Functional and structural evolution of 5-methylpyrimidine dioxygenases (5mYOXs)

5mYOXs – also known as the TET/JBP-like enzymes – are iron (II)/2-oxoglutarate-dependent dioxygenases that catalyze oxidation of 5-methylpyrimidine on nucleic acid polymers to 5-hydroxylpyrimidine (5hmY), and in some cases 5-formylpyrimidine and 5-carboxylpyrimidine (Parker, M. J. et al. (2020), Comprehensive Natural Products III, Elsevier, 5.19, 465-488). In eukaryotes, the modified bases function as epigenetic markers and/or as intermediates in DNA demethylation. In bacterial viruses, generation of 5hmY is an initial step in hypermodification of DNA for evasion of host cell immune responses. Despite the known biological importance of 5mYOX superfamily enzymes, very few members have been characterized to-date. We aim to explore the functional and structural evolution of the 5mYOX superfamily by biochemically characterizing divergent enzymes from all domains of life. We are addressing fundamental questions related to substrate specificity differences observed with different 5mYOXs (e.g., 5-methylcytosine vs. thymine as precursor bases, single- or double-stranded DNA or RNA). We are also exploring the regulatory mechanisms that lead certain members of this family to perform iterative oxidation, while others halt oxidation at 5hmY. Results from these studies are guiding us toward a more comprehensive understanding of the structural domains responsible for discrete enzymatic functions and the evolutionary trajectory of the 5mYOX superfamily. We are actively expanding these aims to probe the broader biological roles of 5mYOX enzymes in the life cycles of diverse organisms. We are also interested in employing these enzymes in next-generation sequencing applications for mapping 5mC and hypermodified derivatives at single-base resolution across entire genomes.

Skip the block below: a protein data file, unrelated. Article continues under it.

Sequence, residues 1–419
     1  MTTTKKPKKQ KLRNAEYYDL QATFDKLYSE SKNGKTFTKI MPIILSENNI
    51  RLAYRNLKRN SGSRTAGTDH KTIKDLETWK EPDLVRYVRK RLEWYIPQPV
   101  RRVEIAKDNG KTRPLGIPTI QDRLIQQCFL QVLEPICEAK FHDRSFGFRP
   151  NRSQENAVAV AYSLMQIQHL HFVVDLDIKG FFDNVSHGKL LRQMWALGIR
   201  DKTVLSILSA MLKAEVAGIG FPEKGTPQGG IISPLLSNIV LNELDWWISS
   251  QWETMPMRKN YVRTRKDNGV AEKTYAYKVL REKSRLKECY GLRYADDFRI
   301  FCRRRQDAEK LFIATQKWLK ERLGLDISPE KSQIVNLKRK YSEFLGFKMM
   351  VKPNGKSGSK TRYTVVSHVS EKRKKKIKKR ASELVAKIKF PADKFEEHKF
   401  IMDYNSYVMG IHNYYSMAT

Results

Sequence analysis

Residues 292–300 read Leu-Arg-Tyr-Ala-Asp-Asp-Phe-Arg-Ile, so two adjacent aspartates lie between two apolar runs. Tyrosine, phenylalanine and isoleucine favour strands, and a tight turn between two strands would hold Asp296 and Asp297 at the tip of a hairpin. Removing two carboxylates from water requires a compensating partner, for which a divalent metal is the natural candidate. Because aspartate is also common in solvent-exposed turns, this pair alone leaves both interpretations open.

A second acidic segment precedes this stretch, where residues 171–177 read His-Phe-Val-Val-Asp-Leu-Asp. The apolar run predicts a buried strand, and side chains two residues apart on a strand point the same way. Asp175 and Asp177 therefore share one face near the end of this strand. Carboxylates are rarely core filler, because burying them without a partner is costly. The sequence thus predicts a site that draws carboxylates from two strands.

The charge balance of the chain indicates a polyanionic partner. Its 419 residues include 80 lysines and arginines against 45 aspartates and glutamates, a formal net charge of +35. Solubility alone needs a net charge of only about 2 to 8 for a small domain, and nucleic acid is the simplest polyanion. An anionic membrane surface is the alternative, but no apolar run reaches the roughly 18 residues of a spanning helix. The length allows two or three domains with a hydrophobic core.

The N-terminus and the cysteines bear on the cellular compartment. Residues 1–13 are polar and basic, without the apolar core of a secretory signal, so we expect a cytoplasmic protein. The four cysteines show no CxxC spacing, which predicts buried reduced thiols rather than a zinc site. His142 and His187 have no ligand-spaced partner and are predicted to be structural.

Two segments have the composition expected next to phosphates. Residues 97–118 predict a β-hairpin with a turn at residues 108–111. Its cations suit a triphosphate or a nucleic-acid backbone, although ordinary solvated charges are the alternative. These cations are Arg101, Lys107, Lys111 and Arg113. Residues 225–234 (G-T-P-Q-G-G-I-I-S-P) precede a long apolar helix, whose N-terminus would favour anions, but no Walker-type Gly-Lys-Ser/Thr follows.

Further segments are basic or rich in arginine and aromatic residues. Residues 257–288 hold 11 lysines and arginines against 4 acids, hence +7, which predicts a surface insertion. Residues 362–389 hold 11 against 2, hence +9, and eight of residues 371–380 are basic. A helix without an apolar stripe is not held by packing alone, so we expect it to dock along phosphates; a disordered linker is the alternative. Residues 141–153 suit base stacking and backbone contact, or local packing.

Artistic representation of organisms as blue and green circular dots of different sizes